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Cancer Prev Res (Phila). 2018 Oct;11(10):621-628. doi: 10.1158/1940-6207.CAPR-18-0057. Epub 2018 Aug 23.

Early-Life Alcohol Intake and High-Grade Prostate Cancer: Results from an Equal-Access, Racially Diverse Biopsy Cohort.

Author information

1
Division of Urology, Veterans Affairs Medical Center, Durham, North Carolina.
2
Duke Cancer Institute, Duke University School of Medicine, Durham, North Carolina.
3
Department of Epidemiology, Harvard T. H. Chan School of Public Health, Boston, Massachusetts.
4
Cedars-Sinai Medical Center, Los Angeles, California.
5
Department of Epidemiology, Harvard T. H. Chan School of Public Health, Boston, Massachusetts. allott@email.unc.edu.
6
Department of Nutrition, University of North Carolina at Chapel Hill, Chapel Hill, North Carolina.
7
Department of Histopathology and Morbid Anatomy, Trinity Translational Medicine Institute, Trinity College Dublin, Ireland.

Abstract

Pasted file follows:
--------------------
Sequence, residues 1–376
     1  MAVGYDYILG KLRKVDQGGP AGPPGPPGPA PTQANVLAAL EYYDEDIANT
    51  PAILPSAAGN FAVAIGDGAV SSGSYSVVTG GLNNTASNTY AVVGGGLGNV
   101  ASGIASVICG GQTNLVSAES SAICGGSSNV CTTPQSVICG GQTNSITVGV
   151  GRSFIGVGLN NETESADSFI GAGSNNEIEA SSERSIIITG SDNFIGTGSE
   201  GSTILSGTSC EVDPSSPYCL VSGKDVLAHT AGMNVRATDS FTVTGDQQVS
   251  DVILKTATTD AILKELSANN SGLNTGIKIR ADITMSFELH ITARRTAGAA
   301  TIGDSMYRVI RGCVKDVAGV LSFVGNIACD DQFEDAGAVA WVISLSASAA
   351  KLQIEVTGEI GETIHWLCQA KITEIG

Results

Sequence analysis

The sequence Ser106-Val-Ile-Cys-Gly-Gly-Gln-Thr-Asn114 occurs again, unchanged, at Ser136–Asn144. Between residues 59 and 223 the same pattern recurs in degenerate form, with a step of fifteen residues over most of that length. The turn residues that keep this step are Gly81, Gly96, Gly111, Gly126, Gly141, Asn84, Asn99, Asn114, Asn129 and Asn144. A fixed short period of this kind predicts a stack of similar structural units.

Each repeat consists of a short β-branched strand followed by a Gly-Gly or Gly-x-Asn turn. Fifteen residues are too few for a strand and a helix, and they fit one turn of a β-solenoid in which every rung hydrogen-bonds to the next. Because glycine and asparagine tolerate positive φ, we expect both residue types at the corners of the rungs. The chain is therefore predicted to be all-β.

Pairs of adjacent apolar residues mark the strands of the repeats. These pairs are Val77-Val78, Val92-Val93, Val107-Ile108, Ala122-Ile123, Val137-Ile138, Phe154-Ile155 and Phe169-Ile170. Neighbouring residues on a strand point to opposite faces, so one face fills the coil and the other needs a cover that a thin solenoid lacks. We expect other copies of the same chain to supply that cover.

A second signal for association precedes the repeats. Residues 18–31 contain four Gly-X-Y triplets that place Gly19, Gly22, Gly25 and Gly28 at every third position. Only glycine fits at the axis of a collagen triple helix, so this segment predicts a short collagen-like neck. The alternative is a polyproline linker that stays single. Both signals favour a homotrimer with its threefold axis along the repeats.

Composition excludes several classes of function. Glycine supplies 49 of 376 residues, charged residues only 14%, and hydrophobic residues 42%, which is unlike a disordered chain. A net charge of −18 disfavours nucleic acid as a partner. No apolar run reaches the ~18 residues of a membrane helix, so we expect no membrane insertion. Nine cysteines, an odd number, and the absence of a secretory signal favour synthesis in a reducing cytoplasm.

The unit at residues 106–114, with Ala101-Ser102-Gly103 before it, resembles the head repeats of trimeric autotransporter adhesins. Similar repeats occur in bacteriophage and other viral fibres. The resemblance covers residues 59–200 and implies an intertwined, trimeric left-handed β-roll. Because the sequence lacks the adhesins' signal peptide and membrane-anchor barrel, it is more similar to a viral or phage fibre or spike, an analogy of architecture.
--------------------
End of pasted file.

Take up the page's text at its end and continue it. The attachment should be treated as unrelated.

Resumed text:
Epidemiologic evidence for an association between alcohol and prostate cancer is mixed. Moreover, there is a lack of research investigating early-life alcohol intake as a risk factor for either overall or high-grade prostate cancer. We examined lifetime alcohol intake in association with prostate cancer diagnosis in an equal-access, racially diverse prostate biopsy cohort. Men undergoing prostate biopsy at the Durham Veterans Affairs Medical Center from 2007 to 2018 completed a survey indicating average number of alcoholic beverages consumed per week [categorized as none (ref), 1-6, ≥7] during each decade of life. Multivariable logistic regression was used to test the association between alcohol intake across decades and diagnosis of overall, low-grade [grade group (GG) 1-2] and high-grade prostate cancer (GG 3-5). Of 650 men ages 49-89 who underwent biopsy, 325 were diagnosed with prostate cancer, 238 with low-grade and 88 with high-grade disease. Relative to nondrinkers, men who consumed ≥7 drinks/week at ages 15 to 19 had increased odds of high-grade prostate cancer diagnosis (OR = 3.21, P trend = 0.020), with similar findings for ages 20 to 29, 30 to 39, and 40 to 49. Consistent with these results, men in the upper tertile of cumulative lifetime intake had increased odds of high-grade prostate cancer diagnosis (OR = 3.20, P trend = 0.003). In contrast, current alcohol intake was not associated with prostate cancer. In conclusion, among men undergoing prostate biopsy, heavier alcohol intake earlier in life and higher cumulative lifetime intake were positively associated with high-grade prostate cancer diagnosis, while current intake was unrelated to prostate cancer. Our findings suggest that earlier-life alcohol intake should be explored as a potential risk factor for high-grade prostate cancer. Cancer Prev Res; 11(10); 621-8. ©2018 AACR.

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